SkillSoft created an un-gated guide explaining elearning that can be used by mobilizers and very useful by itself.  The guide has multiple links for additional, gated, content, which helps the company to generate leads.

Social selling

How do top sales reps engage with the potential customers early if the customers contact the organization at 57% of sales cycle, when the type of the solution has already been determined?  These sales reps go where prospects learn… including social media groups and became facilitators of learning, without mentioning their own solution.

Collective learning decreases probability of encountering a blocker by 20%.   There is 35% increase of probability of high quality sale, if collective learning is happening in a stakeholder group that has a blocker. In general, blockers reduce probability of a high quality deal by 47%.

Companies need to shift to supporting the customers’ purchase process. Rather than “How to help our sales people better sell…” the companies need to think “How our sales teams can help our customers better buy.”  Shifting forecasting from sales activities to “customer versifiers” increased accuracy of sales forecast of one organization by 70%.

Explanation major concepts – more from the sales side.

More useful materials on the topic are available on CEB page dedicated to the book.

Excellent book!

Coursera – Content Strategy 2: Expanding Your Content’s Impact

0-contentSecond class of the series was as insightful as the first.  It was also interesting to watch university professors discuss topics that are typically associated with “young people,” such as social media, and discuss these topics from a more analytical perspective.  It was a pleasure to see thoughtful analysis behind the recommendations, some of which I tried to follow intuitively before.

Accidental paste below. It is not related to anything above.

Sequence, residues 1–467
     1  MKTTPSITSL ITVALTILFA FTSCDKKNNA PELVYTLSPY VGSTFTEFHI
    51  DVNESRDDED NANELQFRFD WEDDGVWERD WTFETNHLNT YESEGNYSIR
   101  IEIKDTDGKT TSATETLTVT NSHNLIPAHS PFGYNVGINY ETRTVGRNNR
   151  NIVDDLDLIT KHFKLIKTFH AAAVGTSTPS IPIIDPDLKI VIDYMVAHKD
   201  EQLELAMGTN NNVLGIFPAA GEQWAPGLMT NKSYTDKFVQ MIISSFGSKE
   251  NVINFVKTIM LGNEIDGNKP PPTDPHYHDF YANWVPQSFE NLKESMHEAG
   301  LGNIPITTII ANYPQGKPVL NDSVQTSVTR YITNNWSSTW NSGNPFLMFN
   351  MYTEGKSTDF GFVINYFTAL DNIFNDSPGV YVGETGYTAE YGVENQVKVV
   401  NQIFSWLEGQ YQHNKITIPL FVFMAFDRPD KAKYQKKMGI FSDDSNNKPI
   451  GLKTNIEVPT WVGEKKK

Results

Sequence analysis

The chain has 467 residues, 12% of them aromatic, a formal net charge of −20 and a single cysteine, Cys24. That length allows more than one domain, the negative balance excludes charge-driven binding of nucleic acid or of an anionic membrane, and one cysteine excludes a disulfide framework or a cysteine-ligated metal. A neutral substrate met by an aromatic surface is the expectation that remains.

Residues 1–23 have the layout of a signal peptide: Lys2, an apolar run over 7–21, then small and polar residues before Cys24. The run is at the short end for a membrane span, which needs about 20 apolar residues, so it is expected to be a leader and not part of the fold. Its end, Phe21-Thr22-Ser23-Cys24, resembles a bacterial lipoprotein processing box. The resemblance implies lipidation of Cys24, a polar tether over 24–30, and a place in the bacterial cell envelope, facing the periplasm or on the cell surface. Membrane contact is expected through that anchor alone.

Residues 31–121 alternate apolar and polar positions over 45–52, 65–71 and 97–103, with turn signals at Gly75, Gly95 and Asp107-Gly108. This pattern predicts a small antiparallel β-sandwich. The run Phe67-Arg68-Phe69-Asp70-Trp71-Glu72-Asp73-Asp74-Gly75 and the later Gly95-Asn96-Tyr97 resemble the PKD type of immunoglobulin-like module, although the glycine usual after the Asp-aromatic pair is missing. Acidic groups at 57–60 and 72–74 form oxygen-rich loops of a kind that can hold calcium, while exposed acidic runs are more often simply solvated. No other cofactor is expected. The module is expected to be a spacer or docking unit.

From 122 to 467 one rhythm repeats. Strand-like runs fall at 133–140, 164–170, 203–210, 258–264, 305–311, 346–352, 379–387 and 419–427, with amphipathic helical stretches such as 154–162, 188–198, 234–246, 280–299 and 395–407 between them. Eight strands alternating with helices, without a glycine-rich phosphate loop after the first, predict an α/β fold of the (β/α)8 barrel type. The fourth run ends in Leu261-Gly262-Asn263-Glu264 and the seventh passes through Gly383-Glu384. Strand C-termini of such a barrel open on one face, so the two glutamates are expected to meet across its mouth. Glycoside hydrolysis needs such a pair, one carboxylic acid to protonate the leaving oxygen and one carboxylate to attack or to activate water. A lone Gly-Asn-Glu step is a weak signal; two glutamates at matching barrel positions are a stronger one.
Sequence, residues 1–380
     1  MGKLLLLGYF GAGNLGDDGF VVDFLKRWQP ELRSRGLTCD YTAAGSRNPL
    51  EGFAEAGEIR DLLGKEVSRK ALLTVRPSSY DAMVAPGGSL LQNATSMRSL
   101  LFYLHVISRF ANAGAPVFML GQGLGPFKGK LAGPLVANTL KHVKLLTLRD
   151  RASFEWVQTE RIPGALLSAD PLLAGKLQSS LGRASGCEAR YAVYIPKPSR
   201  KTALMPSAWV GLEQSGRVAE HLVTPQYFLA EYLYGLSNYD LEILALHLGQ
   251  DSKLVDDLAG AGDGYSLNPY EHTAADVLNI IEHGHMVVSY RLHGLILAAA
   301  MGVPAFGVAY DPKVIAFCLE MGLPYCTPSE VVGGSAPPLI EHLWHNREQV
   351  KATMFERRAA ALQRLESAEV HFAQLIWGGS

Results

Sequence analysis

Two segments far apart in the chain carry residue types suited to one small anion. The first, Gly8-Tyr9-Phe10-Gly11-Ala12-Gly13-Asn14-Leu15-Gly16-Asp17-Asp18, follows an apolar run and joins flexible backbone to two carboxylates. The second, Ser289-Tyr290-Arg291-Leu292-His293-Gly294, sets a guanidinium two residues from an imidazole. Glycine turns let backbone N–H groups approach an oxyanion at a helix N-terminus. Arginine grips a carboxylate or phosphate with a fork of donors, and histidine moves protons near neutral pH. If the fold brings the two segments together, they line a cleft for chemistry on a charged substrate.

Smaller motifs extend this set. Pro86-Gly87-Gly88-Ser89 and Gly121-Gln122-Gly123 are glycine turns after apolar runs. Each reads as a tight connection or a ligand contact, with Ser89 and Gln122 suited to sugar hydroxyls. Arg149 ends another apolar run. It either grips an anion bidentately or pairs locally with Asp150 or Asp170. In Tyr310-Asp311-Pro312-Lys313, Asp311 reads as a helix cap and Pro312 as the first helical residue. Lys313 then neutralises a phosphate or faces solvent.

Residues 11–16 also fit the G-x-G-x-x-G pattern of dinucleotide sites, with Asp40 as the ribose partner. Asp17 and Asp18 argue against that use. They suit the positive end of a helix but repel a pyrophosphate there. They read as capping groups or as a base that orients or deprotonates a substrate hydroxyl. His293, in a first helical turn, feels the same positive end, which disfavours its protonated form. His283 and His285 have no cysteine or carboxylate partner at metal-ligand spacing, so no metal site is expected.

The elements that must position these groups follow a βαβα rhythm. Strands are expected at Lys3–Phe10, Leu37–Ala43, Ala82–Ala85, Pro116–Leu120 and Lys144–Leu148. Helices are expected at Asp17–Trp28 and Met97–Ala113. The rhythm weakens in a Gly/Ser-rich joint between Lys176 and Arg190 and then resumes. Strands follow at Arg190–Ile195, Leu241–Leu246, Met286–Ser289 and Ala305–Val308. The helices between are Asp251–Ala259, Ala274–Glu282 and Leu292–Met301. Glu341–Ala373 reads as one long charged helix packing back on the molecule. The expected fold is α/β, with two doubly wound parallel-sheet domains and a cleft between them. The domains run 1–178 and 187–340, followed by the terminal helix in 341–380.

“Many organizations…  do not have a strategy.”  The class started with an explanation of the strategy itself.  (Interesting, the fact that many companies do not have a strategy is noted in a few business books and not that hard to see in the industry.)


Content-related roles in the organization, and in the mind of content creators might not be based on the right criterium.  Content strategists sometimes define their role in the aspect of the media they are using.  “I am a blogger.”  Better to think about who are you and what knowledge can you bring to the audience.  What role do you want to play?


This was one of the most interesting points in the class (from my perspective).  In many cases, the type of media is confused with type of content, and this confusion seem to be common in the business setting: “we need more video!”  Ah, it is as useful as a statement: “We need more pieces of paper!”  Though destingtion of content and media in marketing I understood well, the idea that the same confusion can happen in the role definition was a very valuable insight.


The class also discussed different approaches to “content strategy.”  Though I would consider “Nurture” part of marketing, and the realm of marketing automation, it was interesting to see how this topic is perceived from the content perspective.


Engagement is least effective

Just throwing in content and measuring it with the metrics available in Facebook and Twitter is the least effective way to go




The class paid specific attention to B-to-B content, and offered very insightful community classification (which, I think, is applicable to both B-to-B and B-to-C).


An interesting example of B-to-B community: private communities for CEOs.  Participants are vetted to make sure they are who they indicated they are, and competing companies might be separated into different communities to make them more comfortable.  (Clearly, these efforts require significant expense…  the community must bring business benefit to the organization and be appropriately staffed).